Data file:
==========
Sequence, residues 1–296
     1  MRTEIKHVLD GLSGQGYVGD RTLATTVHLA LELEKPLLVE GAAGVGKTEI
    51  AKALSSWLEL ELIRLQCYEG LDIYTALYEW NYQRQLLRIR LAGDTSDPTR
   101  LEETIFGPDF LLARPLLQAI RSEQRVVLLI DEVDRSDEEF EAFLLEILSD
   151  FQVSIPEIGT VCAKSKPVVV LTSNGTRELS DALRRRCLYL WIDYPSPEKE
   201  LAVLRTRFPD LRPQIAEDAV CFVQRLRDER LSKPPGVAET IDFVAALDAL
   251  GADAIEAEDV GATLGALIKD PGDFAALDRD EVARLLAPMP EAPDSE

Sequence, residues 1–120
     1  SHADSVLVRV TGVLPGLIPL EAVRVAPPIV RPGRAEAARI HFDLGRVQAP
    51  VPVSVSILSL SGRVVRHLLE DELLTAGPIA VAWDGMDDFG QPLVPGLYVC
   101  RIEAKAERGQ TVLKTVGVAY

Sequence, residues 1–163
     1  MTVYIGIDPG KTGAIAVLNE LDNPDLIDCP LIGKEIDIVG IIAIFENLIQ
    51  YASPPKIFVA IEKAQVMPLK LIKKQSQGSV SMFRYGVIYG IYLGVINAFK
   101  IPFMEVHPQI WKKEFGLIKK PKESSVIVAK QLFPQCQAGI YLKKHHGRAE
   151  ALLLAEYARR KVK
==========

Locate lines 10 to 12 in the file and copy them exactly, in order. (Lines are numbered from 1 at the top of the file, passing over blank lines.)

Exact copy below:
    51  VPVSVSILSL SGRVVRHLLE DELLTAGPIA VAWDGMDDFG QPLVPGLYVC
   101  RIEAKAERGQ TVLKTVGVAY

Sequence, residues 1–163